Skip to content

holy grail of cookies

September 24, 2009

I, like many others, often find myself looking for the perfect (enter something everyday and mundane here).  The perfect pair of jeans, the perfect white t-shirt, the perfect overnight bag, the perfect chocolate chip cookies.  These generally aren’t things that will get you tons of compliments, praise or attention when you find them, but they are the items that you go back to time and time again.  Your staples.

David Leite, thankfully, did the work for me in the cookie department as detailed in his now famous NY Times recipe.  The article itself is a great read giving you more history on the chocolate chip cookie than you could imagine, but most importantly, imparts you with the wisdom that much of the secret is in the waiting.  Finally an excuse to put my newly found Valrhona fèves to work.  Of course, given the absence or shortage of certain items, some line items are adjusted.  I’ve listed what I used below, but click here for the original recipe.

The result did not disappoint.  Is it THE perfect chocolate chip cookie recipe?  Who knows.  But after this recipe, I’ve decided that if David Leite wants to go find jeans for me, I wouldn’t stop him.

Chocolate Chip Cookies(adapted from the NY Times)

2 cups minus 2 tbsps cake flour
1 2/3 cups bread flour
1 1/2 tsp baking soda
1 tsp fine grain sea salt
2 1/4 sticks butter
1 1/4 cup brown sugar
1 cup plus 2 tablespoons (8 ounces) granulated sugar
2 large eggs
2 teaspoons natural vanilla extract
500 grams chocolate disks (sorry for the metric, but it’s what I had, and it’s what I used)
1/4 cup ground almonds
1. Sift flours, baking soda, baking powder and salt into a bowl. Set aside.

2. Using a mixer fitted with paddle attachment, cream butter and sugars together until very light, about 5 minutes. Add eggs, one at a time, mixing well after each addition. Stir in the vanilla. Reduce speed to low, add dry ingredients and mix until just combined, 5 to 10 seconds. Drop chocolate pieces in and incorporate them without breaking them. Wrap dough in plastic wrap and refrigerate for 24 to 36 hours. Dough may be used in batches, and can be refrigerated for up to 72 hours.

3. When ready to bake, preheat oven to 350 degrees. Line a baking sheet with parchment paper. Set aside.

4. Scoop 9 medium-sized mounds of dough (the size of ping-pong ball) onto baking sheet.  Bake for 6 minutes and then rotate the baking sheet for even browning.  Continue baking 5-6 minutes (or until nicely browned around the edges). Transfer sheet to a wire rack for 10 minutes, then slip cookies onto another rack to cool a bit more. Repeat with remaining dough, or reserve dough, refrigerated, for baking remaining batches the next day (I had enough for cookies for the next 3 days and they only got better each day!). Eat warm, with a  a big ol’ scoop of cinnamon ice cream or cup of milk on the side.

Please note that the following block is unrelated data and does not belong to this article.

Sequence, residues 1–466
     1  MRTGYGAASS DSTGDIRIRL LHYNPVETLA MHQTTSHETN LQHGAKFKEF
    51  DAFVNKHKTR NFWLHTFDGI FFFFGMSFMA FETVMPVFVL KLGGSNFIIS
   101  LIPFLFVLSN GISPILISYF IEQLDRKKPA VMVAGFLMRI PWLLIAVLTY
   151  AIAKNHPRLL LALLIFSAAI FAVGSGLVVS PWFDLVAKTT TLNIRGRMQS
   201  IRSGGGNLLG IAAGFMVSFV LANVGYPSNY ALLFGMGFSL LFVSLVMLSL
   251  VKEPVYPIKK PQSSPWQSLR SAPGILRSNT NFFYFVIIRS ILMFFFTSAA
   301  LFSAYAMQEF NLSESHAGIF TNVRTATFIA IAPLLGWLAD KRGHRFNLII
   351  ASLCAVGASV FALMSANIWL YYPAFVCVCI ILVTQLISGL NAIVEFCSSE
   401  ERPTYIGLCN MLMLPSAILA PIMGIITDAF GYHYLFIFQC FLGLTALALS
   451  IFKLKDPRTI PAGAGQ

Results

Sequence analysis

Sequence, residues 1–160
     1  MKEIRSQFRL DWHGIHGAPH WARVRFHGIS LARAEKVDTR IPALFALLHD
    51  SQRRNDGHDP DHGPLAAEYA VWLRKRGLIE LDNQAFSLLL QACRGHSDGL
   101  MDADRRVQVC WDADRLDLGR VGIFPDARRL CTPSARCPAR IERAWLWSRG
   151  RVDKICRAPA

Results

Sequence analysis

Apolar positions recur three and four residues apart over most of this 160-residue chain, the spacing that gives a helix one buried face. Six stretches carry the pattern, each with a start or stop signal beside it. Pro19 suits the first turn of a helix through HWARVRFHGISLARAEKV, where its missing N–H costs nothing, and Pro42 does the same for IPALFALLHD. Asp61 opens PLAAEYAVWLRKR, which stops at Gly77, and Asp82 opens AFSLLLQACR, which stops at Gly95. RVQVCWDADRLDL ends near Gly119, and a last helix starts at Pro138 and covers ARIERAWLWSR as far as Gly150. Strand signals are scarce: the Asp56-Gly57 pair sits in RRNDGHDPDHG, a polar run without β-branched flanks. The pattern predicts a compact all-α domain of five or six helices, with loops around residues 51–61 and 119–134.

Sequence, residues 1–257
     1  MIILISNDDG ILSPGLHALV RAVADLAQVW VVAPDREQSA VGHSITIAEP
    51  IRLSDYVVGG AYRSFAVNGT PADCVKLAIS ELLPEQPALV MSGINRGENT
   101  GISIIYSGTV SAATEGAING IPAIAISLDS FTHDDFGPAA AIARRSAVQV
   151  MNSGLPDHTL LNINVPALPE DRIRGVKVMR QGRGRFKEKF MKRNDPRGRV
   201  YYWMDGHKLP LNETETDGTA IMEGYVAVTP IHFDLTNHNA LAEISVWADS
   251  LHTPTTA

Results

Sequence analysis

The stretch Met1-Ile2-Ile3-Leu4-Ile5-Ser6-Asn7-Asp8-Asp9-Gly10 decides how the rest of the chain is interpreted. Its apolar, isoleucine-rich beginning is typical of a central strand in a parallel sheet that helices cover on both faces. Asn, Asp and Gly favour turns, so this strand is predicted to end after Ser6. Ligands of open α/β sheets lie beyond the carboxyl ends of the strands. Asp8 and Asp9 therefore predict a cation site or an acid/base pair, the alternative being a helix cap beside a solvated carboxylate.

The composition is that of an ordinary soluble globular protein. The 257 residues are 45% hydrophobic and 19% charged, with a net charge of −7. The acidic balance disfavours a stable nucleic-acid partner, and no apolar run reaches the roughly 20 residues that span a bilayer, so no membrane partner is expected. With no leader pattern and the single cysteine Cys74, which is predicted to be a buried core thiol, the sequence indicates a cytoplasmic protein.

Yield: 27 3-inch cookies

Confession: I couldn’t wait a full 24 hours.  I gave it a good 6-hour chill and then baked 4 cookies for me and Mr. KC.  I saw it as a bit of an experiment.  Now, I can attest that day 3 cookies were better than day .25 cookies.


6 Comments leave one →
  1. January 4, 2011 1:33 pm

    I know I’m super late to the party, but I finally discovered these NY Times cookies, which are indeed amazing. I am a little lazy though so I simplified the recipe…I think there are really two main things that make this recipe special:
    1. the large crystals of salt
    2. valrhona feves…but of course gourmet chocolate would improve anything, right? 🙂

    • January 4, 2011 2:58 pm

      Couldn’t agree more. Although, I have to admit, I’m rather fond of the CI cookies. I mean, throwing brown butter into anything makes it an even better party!

  2. cyndi permalink
    November 15, 2011 8:56 pm

    I just noticed in your adapted recipe you say “add sugars” but you’ve only listed brown sugar as an ingredient. The NY times recipe calls for brown sugar + granulated sugar. Did you include the granulated sugar in yours or leave out? Thanks

    • November 28, 2011 7:28 pm

      EEK! That’s embarrassing. There were many things that weren’t all that accessible in Switzerland, but granulated sugar wasn’t one of them. I definitely did use it and I’ve updated the recipe accordingly. Thanks for catching that!


  1. chocolate chip cookie–take 2 « the klutzy chef
  2. chocolate chip cookie–take 2

Leave a Reply

Fill in your details below or click an icon to log in: Logo

You are commenting using your account. Log Out /  Change )

Google photo

You are commenting using your Google account. Log Out /  Change )

Twitter picture

You are commenting using your Twitter account. Log Out /  Change )

Facebook photo

You are commenting using your Facebook account. Log Out /  Change )

Connecting to %s

%d bloggers like this: